German 43: Exiles and Émigrés
 

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Photo of Hedy LamarrLamarr, Hedy

(Vienna 1914–Orlando, Florida 2000)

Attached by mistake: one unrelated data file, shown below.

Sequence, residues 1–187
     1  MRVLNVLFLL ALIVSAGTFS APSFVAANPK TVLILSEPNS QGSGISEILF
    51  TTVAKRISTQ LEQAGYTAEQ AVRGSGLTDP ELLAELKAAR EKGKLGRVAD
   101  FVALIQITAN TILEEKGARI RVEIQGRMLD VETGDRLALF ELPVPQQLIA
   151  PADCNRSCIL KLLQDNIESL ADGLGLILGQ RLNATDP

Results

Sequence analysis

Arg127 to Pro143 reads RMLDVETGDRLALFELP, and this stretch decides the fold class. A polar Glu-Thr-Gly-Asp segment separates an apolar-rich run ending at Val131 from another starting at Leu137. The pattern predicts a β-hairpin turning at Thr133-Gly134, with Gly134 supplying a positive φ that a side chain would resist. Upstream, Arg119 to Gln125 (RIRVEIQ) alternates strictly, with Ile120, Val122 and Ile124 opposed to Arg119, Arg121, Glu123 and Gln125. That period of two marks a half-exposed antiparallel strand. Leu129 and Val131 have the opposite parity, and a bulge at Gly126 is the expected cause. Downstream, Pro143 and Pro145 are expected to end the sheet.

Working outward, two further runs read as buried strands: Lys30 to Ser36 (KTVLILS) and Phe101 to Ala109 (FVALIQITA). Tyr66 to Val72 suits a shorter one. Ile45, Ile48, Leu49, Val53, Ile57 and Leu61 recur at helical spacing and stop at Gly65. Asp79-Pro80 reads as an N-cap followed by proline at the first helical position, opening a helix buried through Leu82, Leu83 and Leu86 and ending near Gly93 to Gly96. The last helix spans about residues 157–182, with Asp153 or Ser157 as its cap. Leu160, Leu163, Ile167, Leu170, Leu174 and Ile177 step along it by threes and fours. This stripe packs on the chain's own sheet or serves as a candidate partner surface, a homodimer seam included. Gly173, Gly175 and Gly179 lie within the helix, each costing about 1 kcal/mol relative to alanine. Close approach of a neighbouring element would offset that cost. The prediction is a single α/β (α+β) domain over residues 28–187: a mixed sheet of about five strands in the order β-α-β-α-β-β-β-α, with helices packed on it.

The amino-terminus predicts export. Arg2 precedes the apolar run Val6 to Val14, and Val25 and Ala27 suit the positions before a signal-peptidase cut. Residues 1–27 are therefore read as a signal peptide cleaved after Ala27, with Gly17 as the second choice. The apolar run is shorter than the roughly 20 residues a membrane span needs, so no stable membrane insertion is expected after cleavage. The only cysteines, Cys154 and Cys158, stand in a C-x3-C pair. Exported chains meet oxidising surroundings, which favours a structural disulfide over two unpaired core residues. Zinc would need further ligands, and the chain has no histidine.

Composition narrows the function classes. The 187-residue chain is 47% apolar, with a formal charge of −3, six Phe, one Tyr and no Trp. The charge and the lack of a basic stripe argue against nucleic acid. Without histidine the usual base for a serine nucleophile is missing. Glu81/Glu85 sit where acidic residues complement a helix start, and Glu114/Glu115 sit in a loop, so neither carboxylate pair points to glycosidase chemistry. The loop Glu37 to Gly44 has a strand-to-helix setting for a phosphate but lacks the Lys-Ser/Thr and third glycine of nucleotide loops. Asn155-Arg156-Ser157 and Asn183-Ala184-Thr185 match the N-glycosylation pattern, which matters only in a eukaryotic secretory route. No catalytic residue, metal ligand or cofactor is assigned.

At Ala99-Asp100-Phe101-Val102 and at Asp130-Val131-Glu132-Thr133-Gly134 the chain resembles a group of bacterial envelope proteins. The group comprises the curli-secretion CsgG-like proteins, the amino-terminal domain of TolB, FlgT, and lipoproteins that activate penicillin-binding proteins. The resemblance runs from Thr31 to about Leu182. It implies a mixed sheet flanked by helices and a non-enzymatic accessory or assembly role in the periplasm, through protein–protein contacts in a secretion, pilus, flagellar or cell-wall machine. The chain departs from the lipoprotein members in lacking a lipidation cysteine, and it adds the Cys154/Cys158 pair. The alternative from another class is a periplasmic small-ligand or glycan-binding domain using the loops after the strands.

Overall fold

Born as Hedwig Eva Kiesler. Actress. At an early age, she left home to train as an actress with Max Reinhardt in Berlin. Back in Vienna, she had many stage appearances and rather small roles in the cinema until her scandalous nude scene in Ekstase (dir. Gustav Machaty, 1933) made her famous and film history. Upon it followed her marriage to Fritz Mandl, an industrialist, who out of jealousy attempted—in vain—to buy up all prints of the film. The film also brought her to the attention of Louis B. Mayer who offered her a contract. Eager to leave her pro-Nazi husband and anti-semitic Austria, she accepted. Upon hiring her for his studio, Mayer dubbed her "the most beautiful girl in the world" and renamed her Hedy Lamarr. With Algiers (dir. John Cromwell, 1938) she celebrated a grandiose debut in Hollywood. Yet her subsequent roles were often confined to portraying her beauty rather than allowing her to demonstrate her acting skills; thus her static, statuary roles are reminiscent of a model, or, as one reviewer had it, "a goddess of marble." After turning down the lead role in both Gaslight and Casablanca, she starred in The Conspirators (dir. Jean Negulesco, 1944), a film reminiscent of the latter film for its cast of Paul Henreid and Peter Lorre, and its theme. During the war, she developed a patent for radio guidance device for US torpedoes, a technology still used today for mobile phones—a most unusual achievement for a Hollywood star which brought her yet another label—"the beauty and the brain." In 1949, she appeared as Delilah opposite Victor Mature in Samson and Delilah (dir. Cecil B. DeMille), Paramount Studios' biggest movie to date, yet after that her career declined and she was to make only six more films between 1949 and 1957.


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